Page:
Jessica and Marc Marra had a choice to make.
In the spring of 2017, four months into Jessica’s pregnancy carrying twin girls, a routine ultrasound revealed something alarming: Charlotte, a.k.a. “Baby B,” had a severe congenital heart defect called hypoplastic left heart syndrome (HLHS). The malady was a mouthful; the prognosis was precarious.
Most of the left side of Charlotte’s heart never formed, which made it difficult for her ticker to properly pump blood throughout her body. Worse, the tiny passageway in Charlotte’s heart that needed to stay open for her to grow was in danger of closing. If it did, she wouldn’t survive birth and have a shot at the life-saving surgeries for treating HLHS.
It was a lot for Jessica and Marc, both young attorneys at the same South Florida law firm, to process. But Charlotte’s diagnosis was an inflection point: They could either give in to the grim odds and terminate the pregnancy or pour themselves into the fight to save their daughter.
“Growing up, I watched my mom kick cancer’s butt on and off for 30 years,” Marc says. “And I never once saw her cry, complain, or say, ‘Why me?’ She did it all with a smile on her face. So I carried that over into our situation with Charlotte.”
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So the Marras—and Baby B—soldiered on. But that September, tragedy struck: Baby A’s heartbeat didn’t show up during Jessica’s 31-week ultrasound.
“To this day, we don’t really know what happened,” says Jessica. She and her husband barely had time to grieve before Charlotte arrived five days later, two months ahead of schedule.
Weighing in at just 3.1 pounds, doctors deemed Charlotte much too small to safely undergo the Norwood procedure, the first of three open-heart surgeries for HLHS patients that’s typically performed shortly after birth.
Instead, after three days, the docs at Nicklaus Children’s Hospital in Miami opened Charlotte’s chest and placed bands on her pulmonary arteries to help boost blood flow to her lungs. It was a stopgap solution until she was stable enough for the real thing.
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For the next 226 days, the Marra family remained holed up in the ICU as Charlotte underwent various procedures, including multiple angioplasties and eventually the Norwood in March 2018. Despite being poked, prodded, and hooked up to hospital machines most of the time, Charlotte was a trooper.
“The moment that really sticks out in my mind is when she was getting a new PICC line placed one night at 2 a.m.,” says Marc. “She turned to me and smiled as a person was literally putting this tube through her arm. That just speaks to Charlotte’s strength.”
If a child could show that kind of courage in the face of adversity, then so could her parents. With each new hurdle that Charlotte hopped over, the Marras found themselves raising awareness for HLHS and other congenital heart defects. Once again, they chose to stand on the frontlines in support of their daughter—and all children battling similar conditions—instead of sitting on the bench.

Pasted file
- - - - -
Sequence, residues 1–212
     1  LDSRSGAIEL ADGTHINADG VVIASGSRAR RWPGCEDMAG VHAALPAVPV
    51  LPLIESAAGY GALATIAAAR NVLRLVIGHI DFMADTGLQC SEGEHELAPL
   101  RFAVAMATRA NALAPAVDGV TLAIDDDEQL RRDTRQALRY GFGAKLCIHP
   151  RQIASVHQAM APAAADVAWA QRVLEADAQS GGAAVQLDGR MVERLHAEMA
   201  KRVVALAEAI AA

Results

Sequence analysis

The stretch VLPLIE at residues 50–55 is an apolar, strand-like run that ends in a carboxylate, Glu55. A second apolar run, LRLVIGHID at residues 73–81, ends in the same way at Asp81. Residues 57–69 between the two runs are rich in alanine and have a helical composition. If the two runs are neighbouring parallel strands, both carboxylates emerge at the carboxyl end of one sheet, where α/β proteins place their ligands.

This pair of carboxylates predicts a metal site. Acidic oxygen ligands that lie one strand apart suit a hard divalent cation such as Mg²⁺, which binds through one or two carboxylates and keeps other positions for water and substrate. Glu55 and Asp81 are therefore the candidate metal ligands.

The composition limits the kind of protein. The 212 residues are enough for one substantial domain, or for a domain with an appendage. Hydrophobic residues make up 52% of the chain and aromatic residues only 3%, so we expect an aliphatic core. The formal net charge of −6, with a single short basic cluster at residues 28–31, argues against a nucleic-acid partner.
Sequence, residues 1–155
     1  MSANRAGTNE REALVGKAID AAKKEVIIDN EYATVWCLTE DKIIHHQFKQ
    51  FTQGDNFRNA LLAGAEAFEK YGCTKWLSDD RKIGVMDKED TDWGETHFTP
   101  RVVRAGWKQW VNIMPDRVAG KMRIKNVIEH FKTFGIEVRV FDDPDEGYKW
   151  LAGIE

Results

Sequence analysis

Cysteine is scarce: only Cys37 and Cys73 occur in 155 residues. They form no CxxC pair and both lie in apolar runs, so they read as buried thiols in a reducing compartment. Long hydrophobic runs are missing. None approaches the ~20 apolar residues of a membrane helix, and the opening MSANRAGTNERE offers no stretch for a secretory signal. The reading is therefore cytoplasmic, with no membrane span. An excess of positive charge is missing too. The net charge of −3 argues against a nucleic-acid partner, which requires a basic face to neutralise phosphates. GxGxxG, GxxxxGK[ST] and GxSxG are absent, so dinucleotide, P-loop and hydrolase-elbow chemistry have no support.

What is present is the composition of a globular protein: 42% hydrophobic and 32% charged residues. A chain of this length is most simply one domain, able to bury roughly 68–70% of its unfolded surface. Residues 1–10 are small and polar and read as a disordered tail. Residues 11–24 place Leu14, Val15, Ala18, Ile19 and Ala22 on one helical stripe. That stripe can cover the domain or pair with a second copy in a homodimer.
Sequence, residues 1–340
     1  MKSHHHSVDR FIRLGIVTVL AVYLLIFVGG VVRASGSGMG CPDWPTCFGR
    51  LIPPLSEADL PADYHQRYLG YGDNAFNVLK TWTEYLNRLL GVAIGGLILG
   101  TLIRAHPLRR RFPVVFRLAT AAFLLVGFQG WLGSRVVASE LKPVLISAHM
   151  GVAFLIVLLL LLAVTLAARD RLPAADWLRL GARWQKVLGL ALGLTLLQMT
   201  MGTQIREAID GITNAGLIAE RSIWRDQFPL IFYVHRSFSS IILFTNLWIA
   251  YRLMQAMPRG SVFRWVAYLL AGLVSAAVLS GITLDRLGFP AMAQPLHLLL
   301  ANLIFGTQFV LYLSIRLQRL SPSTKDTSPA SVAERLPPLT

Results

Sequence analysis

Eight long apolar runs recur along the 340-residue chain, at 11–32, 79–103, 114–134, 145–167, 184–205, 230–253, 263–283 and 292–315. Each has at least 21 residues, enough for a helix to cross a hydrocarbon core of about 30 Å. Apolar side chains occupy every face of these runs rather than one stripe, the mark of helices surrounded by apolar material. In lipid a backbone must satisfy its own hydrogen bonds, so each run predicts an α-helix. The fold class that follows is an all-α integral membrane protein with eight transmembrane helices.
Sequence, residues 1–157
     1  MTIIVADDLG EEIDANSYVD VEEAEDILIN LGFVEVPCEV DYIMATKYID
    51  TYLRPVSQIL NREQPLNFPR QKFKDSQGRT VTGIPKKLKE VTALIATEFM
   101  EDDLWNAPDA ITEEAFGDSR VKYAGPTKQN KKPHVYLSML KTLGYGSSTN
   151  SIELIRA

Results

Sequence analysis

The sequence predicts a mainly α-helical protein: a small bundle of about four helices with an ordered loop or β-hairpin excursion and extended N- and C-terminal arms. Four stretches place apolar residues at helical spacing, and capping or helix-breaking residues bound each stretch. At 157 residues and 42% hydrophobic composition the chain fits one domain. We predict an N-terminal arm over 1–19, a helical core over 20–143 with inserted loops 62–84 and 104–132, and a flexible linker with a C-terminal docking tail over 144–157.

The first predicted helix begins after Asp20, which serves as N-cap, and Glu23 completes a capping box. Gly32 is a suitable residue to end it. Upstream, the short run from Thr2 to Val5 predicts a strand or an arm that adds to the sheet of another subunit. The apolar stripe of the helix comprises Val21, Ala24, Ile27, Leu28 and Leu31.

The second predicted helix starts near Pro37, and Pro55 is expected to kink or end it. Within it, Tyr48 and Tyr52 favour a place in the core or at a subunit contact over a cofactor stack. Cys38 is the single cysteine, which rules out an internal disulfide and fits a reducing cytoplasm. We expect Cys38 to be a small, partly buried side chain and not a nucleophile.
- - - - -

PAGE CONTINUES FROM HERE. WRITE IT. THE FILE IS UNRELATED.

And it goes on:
For Jessica and Marc, that meant sharing Charlotte’s stories, struggles, and smiles on Instagram; passing on pointers to parents in Facebook groups; forming a South Florida chapter of the Pediatric Congenital Heart Disease Association; and speaking at cardiology conferences.
“I just figured, of course I’m going to speak up,” Jessica says. “Of course I’m going to tell people about Charlotte’s condition. And of course I’m going to talk about congenital heart disease.
“Doctors have made a lot of strides in HLHS research over the past 40 years,” she adds, “but the only way they’ll continue to do so is if the people whose lives congenital heart disease affects are very, very focused on advocating as often and loudly as possible. The more people know about these things, the more funds that are raised, and the more medical advances that are made.”
The big challenge for kids with congenital heart disease is making people realize that they are never “fixed,” Jessica says.
“The numerous life-threatening surgeries are a Band-Aid to a still-broken heart,” she explains. “A lot of these kids end up on transplant lists. This is something I try not to think. We raise our voices so that, when time I have no choice but to think about it, there will be something besides a transplant that can fix it.”
In the meantime, Charlotte continues to fight. In September 2018, at one-year-old, she successfully underwent her second major open-heart surgery. Charlotte won’t have the final surgery until she’s at least three, and until then, she’s learning how to live in her growing body and rolling with the punches as they come.
For example, Charlotte has received the bulk of her nutrition through a feeding tube since birth. But the formula she used following her Norwood procedure was causing nasty side effects, such as vomiting. After her doc suggested a switch to Kate Farms last fall, some symptoms began to improve, and she crucially put on the additional weight she needs for future surgeries.
Jessica has an explanation for the turnaround: “The ingredients in Kate Farms are much better for her,” she says. “We’re not dealing with whatever was in that other stuff anymore.”
It’s one more choice the Marras have made to help Charlotte thrive, and they hope parents and caretakers in their shoes follow their lead.
“Whatever your situation,” Jessica says, “it’s best to immerse yourself in the world that you’ve been forced into. For us, we never really had to think twice about it.”
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